I think these words are but one way of naming a powerful sentiment we seek to foster as a community – that of shared journey, the accompaniment of one another and both individual and collective trust in the Spirit’s presence in our lives. If we share this belief, how do we foster involvement and engagement – of ourselves and others – in meaningful interactions in this church. How do we nurture and celebrate the kind of journey Deanna writes about?
What do the poets, writers, saints and role models of our tradition offer us.
I am challenged by some words shared on our retreat from Martin Luther King, Jr. “Non violence means avoiding not only external physical violence but also internal violence of spirit. You not only refuse to shoot (someone), but you refuse to hate (them).”
Whether it is the disgust or despair over the behavior of a national leader; or the irritating behavior of an annoying relative – living with a non-violence of spirit is challenging. And yet, any wise person, any sage that I have ever known, lives with non violence in both large and small situations.
Who inspires you – either challenges you to a new level or keeps you grounded?
The key to living our best selves, of course, is being intentional. So a second and equally important task is to set for simple and clear intentions. You might call them commitments; you might call them opportunities for a regular reset. But what can each of put forth as a clear, doable, useful, creative guide for how we want to live each day.
As a congregation, serving with the Interfaith Hospitality Network as been a clear intention. Becoming a Sanctuary church or moving into a new kind of partnership with The Road Home.
But we also need personal intentions. As we did this exercise last weekend, people shared some of those commitments on post its. More substantive and thorough efforts were written is silence individually. But here is what some of us set forth:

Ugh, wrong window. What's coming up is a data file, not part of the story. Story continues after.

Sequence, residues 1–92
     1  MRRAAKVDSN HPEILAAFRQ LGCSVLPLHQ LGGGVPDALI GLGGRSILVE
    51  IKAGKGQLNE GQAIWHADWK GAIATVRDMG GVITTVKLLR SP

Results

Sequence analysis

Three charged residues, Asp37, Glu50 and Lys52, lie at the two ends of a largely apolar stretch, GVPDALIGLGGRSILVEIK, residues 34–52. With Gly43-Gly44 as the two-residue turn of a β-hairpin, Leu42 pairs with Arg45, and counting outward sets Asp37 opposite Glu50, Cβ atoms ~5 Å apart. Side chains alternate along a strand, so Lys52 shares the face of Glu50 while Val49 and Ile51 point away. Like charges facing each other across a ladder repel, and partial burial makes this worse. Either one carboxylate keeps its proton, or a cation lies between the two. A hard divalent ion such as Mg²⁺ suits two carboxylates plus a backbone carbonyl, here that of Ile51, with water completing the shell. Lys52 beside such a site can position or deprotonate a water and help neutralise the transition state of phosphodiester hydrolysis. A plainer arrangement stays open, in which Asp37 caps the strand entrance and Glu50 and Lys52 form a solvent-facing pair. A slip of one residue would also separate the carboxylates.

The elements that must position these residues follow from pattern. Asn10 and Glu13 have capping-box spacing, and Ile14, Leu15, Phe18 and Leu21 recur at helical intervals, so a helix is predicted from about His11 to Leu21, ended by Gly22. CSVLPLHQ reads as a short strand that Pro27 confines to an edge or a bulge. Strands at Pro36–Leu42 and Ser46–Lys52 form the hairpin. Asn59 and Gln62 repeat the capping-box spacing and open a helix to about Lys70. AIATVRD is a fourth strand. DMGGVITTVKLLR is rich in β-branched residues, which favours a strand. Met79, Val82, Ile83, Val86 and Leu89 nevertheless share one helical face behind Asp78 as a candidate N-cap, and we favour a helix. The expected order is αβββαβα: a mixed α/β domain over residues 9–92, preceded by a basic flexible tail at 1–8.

Remember what is most important, don’t get distracted from those things.
Build at least one new small group connection
Talk less, listen more to understand, smile more, be kind even if you disagree
Educate, meditate, communicate
Booster Wednesday – I don’t know what that means, but someone does and it matters to themJ
Start a gratitude journal
The rest are actually posted in the Crossroads on the board. But I would commend the exercise to us all.
What are the resources of our faith, our relationships, our congregation and those around or before us? How can we nurture our own spirit through these, and in the process be a more creative and expansive person for others.
And what can we put forth as a clear and focused intention? How are the ways we will ‘reset’ our spirits when our emotions and/or reactivity diminish us?
John O’Donohue, Irish teacher and poet, begins his book To Bless the Space Between us, with these words. “There is a quiet light that shines in every heart. It draws no attention to itself, though it is always secretly there. It is what illuminates our minds to see beauty, our desire to seek possibility and our hearts to love life…This shy inner light is what enables us to recognize and receive our very presence here as a blessing.”
Knowing our presence in the here and now, wherever that is for you in any given moment, we pray
May I live this day
Compassionate of heart,
Clear in word,
Gracious in awareness,
Courageous in thought,
Generous in love.
May we all live this day as a blessing – to ourselves, to one another, and to a fearful and anxious world.